There are many types of analgesics available as both over-the-counter and prescription medicines for pain. Each has a particular pharmacologic action. The most commonly used analgesics are acetaminophen, non-steroidal anti-inflammatories and opioids. Some medicines used for other purposes such depression also have analgesic effects. Any medication has the potential to cause side effects, which may be due to age, sex, weight, and overall medical condition or drug interactions. Some side effects occur because a person’s genetic variants affect drug metabolism.
Uses and Side Effects of Acetaminophen and Non-Steroidal Anti-Inflammatories
Acetaminophen and medicines classified as non-steroidal anti-inflammatories are used to reduce fever and relieve mild to moderate pain such as headaches, osteoarthritis and minor injuries. Over-the-counter NSAIDs include aspirin, ibuprofen and naproxen, which are marketed under several brand names. Some NSAIDs such as celecoxib are available only by prescription. For these drugs, a doctor will prescribe an appropriate dose for a defined period of use. NSAIDs have anti-inflammatory properties that reduce swelling, which is often a significant factor in pain and discomfort. Acetaminophen does not relieve inflammation.
For minor pain, acetaminophen and over-the-counter NSAIDs can be taken on an as-needed basis. Acetaminophen usually has few side effects but can cause a rare allergic reaction. Prolonged use of acetaminophen can cause liver damage. Potential side effects associated with NSAIDs include heartburn, nausea, indigestion, irritation of the stomach lining and internal bleeding. All NSAIDs except aspirin increase the risk of stroke, blood clots and heart attack. Longer use and higher doses increase the risk. Because of the potential for side effects, long-term use should be monitored by a healthcare professional.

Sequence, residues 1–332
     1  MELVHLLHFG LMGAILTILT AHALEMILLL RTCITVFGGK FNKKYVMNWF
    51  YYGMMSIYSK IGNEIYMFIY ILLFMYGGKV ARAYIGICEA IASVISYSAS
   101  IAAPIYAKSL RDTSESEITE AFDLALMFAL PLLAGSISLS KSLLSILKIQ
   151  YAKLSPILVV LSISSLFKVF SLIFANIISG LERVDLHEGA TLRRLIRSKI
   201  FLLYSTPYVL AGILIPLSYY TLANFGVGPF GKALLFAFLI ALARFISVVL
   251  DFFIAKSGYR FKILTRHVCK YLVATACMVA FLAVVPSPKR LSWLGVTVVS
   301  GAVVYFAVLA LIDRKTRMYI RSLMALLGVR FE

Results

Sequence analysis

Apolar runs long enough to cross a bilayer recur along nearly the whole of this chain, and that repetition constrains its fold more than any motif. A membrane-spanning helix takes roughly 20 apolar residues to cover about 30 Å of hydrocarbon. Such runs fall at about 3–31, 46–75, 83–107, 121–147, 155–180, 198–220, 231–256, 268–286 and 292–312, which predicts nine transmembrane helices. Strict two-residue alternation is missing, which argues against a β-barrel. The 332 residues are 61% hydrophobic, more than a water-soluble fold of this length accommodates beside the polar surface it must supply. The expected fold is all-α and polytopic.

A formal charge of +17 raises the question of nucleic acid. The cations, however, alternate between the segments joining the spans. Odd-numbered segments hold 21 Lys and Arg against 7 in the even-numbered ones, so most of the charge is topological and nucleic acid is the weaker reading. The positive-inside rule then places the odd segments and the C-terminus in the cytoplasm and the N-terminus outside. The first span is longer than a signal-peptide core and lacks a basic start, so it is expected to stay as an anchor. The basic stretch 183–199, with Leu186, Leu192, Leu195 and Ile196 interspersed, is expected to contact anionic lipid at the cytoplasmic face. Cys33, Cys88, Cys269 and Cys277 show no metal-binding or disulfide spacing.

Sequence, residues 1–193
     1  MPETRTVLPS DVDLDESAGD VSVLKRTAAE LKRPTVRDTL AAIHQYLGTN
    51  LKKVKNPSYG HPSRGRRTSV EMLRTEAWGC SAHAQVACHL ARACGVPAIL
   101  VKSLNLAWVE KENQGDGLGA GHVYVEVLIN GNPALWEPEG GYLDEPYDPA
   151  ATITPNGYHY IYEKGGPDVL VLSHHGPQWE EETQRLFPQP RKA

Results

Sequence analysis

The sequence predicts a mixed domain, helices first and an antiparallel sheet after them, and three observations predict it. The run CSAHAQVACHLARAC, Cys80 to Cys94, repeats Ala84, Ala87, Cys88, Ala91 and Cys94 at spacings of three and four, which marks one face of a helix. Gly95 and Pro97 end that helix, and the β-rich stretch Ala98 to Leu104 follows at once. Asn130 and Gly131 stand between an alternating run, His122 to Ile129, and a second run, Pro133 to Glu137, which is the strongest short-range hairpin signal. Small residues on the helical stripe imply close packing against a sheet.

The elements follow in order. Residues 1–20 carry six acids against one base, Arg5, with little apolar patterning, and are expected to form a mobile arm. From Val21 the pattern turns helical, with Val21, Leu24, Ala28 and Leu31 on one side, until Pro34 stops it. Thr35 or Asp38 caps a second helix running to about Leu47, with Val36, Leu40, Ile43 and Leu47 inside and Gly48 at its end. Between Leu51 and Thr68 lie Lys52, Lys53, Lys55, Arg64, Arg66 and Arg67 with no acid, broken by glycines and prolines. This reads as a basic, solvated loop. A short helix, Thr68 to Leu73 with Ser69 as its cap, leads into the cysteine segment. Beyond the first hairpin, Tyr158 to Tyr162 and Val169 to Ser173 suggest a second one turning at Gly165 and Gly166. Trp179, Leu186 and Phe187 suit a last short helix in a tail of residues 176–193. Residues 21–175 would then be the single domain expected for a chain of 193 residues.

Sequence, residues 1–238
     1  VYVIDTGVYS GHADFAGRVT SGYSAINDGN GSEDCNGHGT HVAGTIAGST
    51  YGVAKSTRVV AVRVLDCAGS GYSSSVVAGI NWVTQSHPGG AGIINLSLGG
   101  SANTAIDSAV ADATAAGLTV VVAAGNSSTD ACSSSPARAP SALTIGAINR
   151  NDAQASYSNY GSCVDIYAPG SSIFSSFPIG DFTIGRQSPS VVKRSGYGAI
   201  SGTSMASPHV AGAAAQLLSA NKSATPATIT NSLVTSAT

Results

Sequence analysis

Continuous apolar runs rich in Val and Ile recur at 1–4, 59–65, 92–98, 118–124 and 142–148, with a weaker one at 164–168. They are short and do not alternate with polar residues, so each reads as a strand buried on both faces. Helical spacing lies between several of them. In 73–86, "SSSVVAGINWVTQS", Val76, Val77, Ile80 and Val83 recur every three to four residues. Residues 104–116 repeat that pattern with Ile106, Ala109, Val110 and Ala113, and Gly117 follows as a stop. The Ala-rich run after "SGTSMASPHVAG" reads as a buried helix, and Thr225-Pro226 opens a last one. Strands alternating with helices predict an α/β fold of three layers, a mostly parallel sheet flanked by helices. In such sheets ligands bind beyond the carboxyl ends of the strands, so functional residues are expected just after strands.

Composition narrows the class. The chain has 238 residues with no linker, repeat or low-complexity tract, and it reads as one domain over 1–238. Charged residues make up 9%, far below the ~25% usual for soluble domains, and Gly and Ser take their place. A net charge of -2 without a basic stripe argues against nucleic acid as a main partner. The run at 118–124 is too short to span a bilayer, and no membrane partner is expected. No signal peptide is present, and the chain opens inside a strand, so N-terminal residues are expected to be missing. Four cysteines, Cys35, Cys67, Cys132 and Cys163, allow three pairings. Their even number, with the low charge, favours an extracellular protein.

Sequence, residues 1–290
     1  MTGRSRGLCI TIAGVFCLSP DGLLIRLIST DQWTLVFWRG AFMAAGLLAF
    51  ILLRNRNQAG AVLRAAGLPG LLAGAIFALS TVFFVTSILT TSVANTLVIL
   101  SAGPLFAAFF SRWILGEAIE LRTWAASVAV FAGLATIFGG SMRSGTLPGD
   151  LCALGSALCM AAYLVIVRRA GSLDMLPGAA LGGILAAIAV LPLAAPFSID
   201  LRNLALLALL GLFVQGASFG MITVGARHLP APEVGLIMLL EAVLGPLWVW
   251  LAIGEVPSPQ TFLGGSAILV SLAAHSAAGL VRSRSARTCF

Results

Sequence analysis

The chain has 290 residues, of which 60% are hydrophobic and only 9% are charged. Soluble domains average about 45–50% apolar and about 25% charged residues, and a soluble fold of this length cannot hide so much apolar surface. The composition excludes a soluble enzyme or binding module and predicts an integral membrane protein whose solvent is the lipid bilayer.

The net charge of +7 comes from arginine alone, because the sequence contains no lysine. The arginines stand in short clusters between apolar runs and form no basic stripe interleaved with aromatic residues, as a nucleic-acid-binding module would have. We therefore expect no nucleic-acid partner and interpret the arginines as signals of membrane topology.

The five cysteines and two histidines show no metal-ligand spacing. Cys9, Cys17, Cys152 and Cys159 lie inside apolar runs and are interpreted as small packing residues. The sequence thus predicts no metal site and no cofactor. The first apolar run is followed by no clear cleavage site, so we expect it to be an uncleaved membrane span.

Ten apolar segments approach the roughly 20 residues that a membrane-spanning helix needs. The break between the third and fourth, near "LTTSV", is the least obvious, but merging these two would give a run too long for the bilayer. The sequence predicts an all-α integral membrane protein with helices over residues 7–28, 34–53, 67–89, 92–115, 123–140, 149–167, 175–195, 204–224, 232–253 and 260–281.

Uses and Side Effects of Opioids
Opioids are used to treat post-surgery pain, cancer or moderate to severe pain that does not respond well to other drugs. Opioids include codeine, tramadol and morphine. Opioids are the most commonly prescribed type of drug in the U.S.
Not all people get pain relief from opioids. For others, normal doses cause severe side effects or toxicity. Variations in an individual’s genetic makeup can affect how opioids act in the body. Doctors often use a trial-and-error method when prescribing opioids to determine how a patient will react. Minor side effects of opioids include drowsiness, lightheadedness, nausea, constipation, confusion and retention of urine. Serious side effects include respiratory distress or coma. Prolonged use of opioids may cause physical dependence.
Understand Your Risk for Side Effects with the Rxight® Genetic Test
Pharmacogenetics examines how a person’s genetic characteristics affect the assimilation of specific drugs. Genetic variants may affect the rate of metabolism of a drug, which can cause severe side effects or reduce the therapeutic benefit.
How Does Pharmacogenetic Testing Work?
Genetic testing takes a sample of a person’s DNA to look at genetic variants that may affect drug assimilation. When a clinician knows that a patient has a genetic variant that can cause an adverse reaction, another medication can be substituted. Pharmacists trained in pharmacogenetics can help patients understand which medications and dosages are compatible with their unique genetic characteristics. Patients can take medications with confidence when they know that the risk of adverse effects is minimized.